Waitangi Day

Today, New Zealanders celebrated Waitangi Day in many places but the main events were held at the Treaty grounds in Waitangi. This is in Northland, about 3 hours drive north of Auckland.

The day before, on Tuesday 5th February, leaders held a meeting with important people to discuss matters concerning Maori. John Key, the leader of the Opposition (the National Party), attended the meeting but the Prime Minister did not because in the past she was treated rudely and pushed by protesters. The Minister of Maori Affairs attended instead. He gave a speech about the government’s policies but protesters shouted so loudly it was hard to hear what he said.

Waitangi Day celebrations began very early this morning, at 5am, with a church service. Again Helen Clark did not attend but later she held a breakfast for community leaders. After that she was taken a short distance to the Treaty grounds by a waka (Maori canoe). Nine other waka joined them. It was a beautiful sight to see.

Nearly 50,000 people attended the celebrations at Waitangi, in a day that was meant for families to enjoy. There were protesters but they behaved in a peaceful way. In the past, many protesters have been arrested on Waitangi day.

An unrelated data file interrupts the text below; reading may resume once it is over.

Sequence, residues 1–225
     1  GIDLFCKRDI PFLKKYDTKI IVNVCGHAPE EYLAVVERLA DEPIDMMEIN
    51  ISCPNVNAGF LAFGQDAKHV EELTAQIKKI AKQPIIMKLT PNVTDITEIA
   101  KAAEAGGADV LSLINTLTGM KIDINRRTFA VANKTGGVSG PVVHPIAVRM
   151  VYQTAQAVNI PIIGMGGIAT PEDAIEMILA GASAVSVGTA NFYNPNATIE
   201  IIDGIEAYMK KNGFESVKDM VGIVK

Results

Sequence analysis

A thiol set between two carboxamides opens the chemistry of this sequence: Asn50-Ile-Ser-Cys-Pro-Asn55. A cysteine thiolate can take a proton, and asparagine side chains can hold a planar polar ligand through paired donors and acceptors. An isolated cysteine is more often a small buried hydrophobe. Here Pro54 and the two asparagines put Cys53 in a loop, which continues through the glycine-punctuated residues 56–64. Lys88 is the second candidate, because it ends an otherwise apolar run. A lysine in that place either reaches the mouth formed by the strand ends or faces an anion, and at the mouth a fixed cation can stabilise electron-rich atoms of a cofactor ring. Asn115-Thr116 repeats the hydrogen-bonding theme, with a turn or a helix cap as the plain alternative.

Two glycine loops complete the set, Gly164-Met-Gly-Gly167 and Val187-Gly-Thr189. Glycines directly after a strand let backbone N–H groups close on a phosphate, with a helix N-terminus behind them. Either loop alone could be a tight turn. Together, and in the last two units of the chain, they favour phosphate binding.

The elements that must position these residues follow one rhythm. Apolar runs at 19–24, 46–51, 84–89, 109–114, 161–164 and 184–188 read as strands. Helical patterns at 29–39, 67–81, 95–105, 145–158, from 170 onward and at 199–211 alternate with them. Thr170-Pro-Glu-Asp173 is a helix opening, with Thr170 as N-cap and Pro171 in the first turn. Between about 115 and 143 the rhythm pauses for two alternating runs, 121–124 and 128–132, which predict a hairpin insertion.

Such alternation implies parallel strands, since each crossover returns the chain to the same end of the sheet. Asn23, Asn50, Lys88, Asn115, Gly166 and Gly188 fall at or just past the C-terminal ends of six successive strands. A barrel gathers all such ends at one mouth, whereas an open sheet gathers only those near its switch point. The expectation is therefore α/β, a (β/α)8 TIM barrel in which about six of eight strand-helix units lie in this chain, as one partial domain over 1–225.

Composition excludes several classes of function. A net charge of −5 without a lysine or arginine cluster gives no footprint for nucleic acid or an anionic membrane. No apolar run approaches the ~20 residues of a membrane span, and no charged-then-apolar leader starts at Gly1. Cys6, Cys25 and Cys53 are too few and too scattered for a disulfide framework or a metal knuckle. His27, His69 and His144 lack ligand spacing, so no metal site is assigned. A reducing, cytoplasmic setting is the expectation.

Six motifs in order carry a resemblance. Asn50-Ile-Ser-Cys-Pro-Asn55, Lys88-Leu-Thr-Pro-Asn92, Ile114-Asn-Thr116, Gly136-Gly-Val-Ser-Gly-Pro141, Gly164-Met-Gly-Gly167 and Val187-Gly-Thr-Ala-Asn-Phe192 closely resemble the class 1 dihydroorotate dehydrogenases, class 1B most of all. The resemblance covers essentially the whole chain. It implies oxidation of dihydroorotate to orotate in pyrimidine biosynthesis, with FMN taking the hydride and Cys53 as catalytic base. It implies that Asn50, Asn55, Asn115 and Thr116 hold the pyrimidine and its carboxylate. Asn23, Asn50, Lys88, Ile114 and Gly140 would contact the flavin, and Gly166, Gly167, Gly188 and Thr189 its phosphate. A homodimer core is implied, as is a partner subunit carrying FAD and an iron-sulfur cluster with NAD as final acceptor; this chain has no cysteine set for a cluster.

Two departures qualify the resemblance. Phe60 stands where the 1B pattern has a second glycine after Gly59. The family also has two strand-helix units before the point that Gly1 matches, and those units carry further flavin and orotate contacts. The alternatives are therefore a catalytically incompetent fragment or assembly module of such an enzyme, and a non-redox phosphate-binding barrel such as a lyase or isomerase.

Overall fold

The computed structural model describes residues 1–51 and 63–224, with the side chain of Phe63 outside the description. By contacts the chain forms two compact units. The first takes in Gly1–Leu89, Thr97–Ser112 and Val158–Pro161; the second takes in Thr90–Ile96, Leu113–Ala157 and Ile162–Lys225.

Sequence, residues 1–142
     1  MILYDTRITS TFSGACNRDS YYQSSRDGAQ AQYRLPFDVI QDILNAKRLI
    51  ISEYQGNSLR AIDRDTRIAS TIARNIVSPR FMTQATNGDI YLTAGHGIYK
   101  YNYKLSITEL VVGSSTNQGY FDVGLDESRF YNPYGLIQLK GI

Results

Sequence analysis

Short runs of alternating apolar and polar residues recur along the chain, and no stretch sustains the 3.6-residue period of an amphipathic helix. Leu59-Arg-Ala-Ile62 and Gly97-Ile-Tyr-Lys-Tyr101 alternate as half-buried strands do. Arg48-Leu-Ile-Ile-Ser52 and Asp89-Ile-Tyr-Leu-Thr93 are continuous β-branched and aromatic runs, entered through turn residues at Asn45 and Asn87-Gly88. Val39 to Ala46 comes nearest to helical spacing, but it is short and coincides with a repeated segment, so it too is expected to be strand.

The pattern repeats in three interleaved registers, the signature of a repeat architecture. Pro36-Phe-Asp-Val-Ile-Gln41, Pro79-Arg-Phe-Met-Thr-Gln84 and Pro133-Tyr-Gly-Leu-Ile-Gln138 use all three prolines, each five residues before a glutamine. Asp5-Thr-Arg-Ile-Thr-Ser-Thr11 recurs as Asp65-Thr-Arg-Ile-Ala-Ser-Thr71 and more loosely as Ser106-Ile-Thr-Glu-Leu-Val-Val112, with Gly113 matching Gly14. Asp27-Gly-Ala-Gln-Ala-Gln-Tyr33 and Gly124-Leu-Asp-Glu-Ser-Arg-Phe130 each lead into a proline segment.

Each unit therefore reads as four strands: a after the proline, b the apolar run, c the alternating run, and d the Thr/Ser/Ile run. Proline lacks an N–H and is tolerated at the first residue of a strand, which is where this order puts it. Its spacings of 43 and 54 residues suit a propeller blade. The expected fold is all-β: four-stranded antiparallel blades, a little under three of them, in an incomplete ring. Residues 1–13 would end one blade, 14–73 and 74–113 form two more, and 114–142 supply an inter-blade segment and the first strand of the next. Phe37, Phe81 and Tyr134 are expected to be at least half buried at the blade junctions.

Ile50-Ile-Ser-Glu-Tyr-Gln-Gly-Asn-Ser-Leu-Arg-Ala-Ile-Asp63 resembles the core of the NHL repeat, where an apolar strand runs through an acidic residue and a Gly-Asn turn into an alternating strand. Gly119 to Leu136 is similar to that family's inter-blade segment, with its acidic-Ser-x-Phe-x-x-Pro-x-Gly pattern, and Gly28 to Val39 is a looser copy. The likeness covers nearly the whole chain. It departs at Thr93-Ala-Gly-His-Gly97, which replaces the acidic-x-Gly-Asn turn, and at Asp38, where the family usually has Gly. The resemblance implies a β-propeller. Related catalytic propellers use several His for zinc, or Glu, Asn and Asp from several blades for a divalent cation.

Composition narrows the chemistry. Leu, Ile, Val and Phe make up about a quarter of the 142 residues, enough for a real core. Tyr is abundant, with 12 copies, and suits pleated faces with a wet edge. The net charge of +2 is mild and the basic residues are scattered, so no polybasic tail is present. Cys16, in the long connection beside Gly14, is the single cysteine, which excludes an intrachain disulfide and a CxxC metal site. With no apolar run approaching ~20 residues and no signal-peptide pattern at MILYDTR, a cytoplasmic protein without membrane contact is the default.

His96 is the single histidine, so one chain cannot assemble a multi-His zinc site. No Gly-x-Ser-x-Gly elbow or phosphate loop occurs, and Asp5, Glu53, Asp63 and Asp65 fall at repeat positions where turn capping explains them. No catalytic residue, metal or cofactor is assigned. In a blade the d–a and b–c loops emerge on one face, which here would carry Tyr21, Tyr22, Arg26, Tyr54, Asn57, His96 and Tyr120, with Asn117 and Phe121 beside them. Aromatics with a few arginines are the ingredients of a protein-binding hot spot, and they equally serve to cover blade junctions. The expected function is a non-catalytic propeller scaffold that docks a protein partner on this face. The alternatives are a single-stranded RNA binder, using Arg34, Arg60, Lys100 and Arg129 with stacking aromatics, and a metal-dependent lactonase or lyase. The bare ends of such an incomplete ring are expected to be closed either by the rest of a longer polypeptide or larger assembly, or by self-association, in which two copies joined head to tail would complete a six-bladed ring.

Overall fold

Some people do not believe Waitangi Day is for celebrating. They say that this is a day to remember the Treaty of Waitangi which was signed on February 6th 1840 between Maori chiefs and Queen Victoria. The Treaty promised Maori rights to their land and places where they got their food such as forests and the sea but Maori lost a lot of their land and other rights after that. Protesters come to Waitangi every year to remind people about the promises made in the Treaty.






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